Two degrees Celsius is “an arbitrary number,” said Alan Robock, director of the Center for Environmental Prediction at Rutgers University. “On our current path, we will go zooming way past that.”

Climatologist James Hansen, head of NASA’s Goddard Institute for Space Studies, and activist Bill McKibben, founder of, believe the only way to preserve the Holocene climate humans are used to is to cut CO{-2} concentrations to 350 parts per million, last seen around 1988.

Ballantyne dismissed the 350 goal: “That’s like a 70-year-old alcoholic saying, ‘I’m going quit drinking when I’m 60 years old.’ “

McKibben and Hansen propose a tax on fossil fuels at their source, to be reimbursed to all U.S. residents, as Sen. Bernie Sanders, independent-Vt., plans to propose in a “fee and dividend” scheme modeled on Alaska’s oil royalty rebates to state residents.


Carbon tax unlikely

White House press secretary Jay Carney, asked Wednesday about the Sanders bill, said: “We have not proposed and have no intention of proposing a carbon tax.”

It would have to be a big tax, McKibben said, “that drives up the price quickly. Maybe you go to the pump someday and you’re paying what people in Europe pay for gasoline, which is good, because then it reminds you every time you go to the pump that you don’t really need a semi-military vehicle to go to the grocery store.” Stanford’s Jacobson maintains that wind and solar could power the world many times over. He calculated that the world would need to install 1.7 billion solar rooftops and 4 million wind turbines. Jane Long, chair of the California Council on Science and Technology, said any such conversion would be costly and difficult at best. Still, she said, “one way to get out of the hole is to stop digging.”


Carolyn Lochhead is The San Francisco Chronicle’s Washington correspondent. E-mail:



Green vs. Gray Infrastructure: When Nature Is Better than Concrete

Submitted by John Talberth and Craig Hanson on June 19, 2012

Infrastructure is essential for economic growth. But as governments debate the future of sustainable development at the Rio+20 conference, there is one infrastructure solution that can provide a good return on investment: nature.
People often don’t think of forests, wetlands, coral reefs, and other natural ecosystems as forms of infrastructure. But they are. Forests, for instance, can prevent silt and pollutants from entering streams that supply freshwater to downstream cities and businesses. They can act as natural water filtration plants. As such, they are a form of “green infrastructure” that can serve the same function as “gray infrastructure,” the human-engineered solutions that often involve concrete and steel. This example is not alone (see Table 1).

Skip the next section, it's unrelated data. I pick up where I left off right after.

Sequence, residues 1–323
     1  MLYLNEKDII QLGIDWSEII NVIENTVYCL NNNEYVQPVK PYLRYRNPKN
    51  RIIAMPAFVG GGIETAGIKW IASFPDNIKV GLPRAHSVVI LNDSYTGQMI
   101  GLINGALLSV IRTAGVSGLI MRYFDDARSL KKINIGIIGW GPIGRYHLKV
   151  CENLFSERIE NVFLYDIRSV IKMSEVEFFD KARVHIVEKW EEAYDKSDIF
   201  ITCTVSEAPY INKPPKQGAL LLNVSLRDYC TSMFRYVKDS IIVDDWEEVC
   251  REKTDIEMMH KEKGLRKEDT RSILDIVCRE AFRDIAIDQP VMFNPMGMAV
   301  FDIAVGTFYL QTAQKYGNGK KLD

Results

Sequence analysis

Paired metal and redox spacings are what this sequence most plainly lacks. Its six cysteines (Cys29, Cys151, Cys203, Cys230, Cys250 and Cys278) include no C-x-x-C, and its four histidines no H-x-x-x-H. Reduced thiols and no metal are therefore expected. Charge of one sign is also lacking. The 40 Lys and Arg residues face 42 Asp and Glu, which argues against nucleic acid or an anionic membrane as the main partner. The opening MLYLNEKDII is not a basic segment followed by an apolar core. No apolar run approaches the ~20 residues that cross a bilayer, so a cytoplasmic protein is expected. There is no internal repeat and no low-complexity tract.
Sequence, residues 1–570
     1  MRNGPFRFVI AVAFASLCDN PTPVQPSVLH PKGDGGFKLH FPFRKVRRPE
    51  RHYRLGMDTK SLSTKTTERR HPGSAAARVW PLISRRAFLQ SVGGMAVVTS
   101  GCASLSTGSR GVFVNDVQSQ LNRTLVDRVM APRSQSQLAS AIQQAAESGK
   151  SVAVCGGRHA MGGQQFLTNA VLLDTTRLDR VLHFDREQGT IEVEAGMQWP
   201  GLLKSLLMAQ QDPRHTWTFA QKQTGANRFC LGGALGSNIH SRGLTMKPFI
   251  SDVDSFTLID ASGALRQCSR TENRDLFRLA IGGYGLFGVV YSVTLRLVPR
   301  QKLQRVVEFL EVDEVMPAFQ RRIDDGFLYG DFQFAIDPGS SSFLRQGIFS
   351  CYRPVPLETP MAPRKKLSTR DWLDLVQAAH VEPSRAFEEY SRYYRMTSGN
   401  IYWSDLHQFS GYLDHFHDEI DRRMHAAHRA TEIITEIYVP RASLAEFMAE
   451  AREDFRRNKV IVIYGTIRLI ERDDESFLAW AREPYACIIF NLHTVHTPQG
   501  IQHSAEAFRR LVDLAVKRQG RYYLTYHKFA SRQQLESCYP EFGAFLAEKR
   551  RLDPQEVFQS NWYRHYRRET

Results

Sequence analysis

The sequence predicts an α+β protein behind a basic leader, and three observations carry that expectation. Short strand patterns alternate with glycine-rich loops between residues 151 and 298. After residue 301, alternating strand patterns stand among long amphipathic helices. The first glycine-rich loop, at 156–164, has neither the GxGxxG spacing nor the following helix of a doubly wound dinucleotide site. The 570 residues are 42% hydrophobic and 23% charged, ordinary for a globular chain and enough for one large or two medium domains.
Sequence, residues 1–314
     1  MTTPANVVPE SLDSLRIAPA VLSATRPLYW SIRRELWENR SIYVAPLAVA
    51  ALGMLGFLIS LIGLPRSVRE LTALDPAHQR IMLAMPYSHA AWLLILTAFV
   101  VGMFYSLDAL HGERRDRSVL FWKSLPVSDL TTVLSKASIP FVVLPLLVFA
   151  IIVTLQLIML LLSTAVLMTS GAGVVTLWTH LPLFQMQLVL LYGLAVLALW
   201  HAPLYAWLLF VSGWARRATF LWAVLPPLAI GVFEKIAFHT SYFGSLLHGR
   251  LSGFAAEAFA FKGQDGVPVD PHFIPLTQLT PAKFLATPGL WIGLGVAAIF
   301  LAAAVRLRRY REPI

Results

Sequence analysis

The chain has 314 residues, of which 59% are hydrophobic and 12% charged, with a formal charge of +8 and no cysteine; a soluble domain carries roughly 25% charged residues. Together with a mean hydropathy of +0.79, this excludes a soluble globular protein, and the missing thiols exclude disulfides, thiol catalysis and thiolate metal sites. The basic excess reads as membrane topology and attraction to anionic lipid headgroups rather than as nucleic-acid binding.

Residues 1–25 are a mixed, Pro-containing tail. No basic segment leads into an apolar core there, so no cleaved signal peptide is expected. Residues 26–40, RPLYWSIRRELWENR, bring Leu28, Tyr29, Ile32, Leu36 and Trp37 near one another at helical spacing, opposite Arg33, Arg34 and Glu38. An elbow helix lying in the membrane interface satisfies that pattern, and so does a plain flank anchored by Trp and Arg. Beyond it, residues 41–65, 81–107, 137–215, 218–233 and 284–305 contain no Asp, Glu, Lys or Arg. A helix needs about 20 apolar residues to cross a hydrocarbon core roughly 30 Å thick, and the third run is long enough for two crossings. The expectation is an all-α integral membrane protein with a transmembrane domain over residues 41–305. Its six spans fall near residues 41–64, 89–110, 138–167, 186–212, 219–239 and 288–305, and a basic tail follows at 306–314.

Examples of public and private investments in green infrastructure already exist. For instance, Bogotá, Columbia is pursuing upstream landscape conservation and restoration as an alternative to more conventional water treatment technologies. Ho Chi Minh City restored mangroves instead of building dikes in order to protect shorelines from storm damage. And a chemical facility in Texas built a wetland instead of using deep well injection to treat wastewater.

Costs of Green vs. Gray Infrastructure — What should be of particular interest to finance ministers, CFOs, and conservationists alike is that, in many instances, investments in green infrastructure can be much less expensive than those in gray infrastructure. For instance, New York City evaluated two schemes to manage its stormwater flows. One was a green infrastructure plan that emphasized stream buffer restoration, green roofs, and bio-swales , landscape elements designed to remove silt and pollution from surface runoff water. The other was a gray infrastructure plan involving tunnels and storm drains. The green infrastructure option presented a cost savings of more than $1.5 billion. Decision-makers in Idaho and North Carolina found similar cost savings through green infrastructure (see Figure 1).

If green infrastructure can provide comparable benefits to gray infrastructure at reduced costs, then the financial case can be made for investing in the conservation, sustainable management, and/or restoration of natural ecosystems to achieve development goals.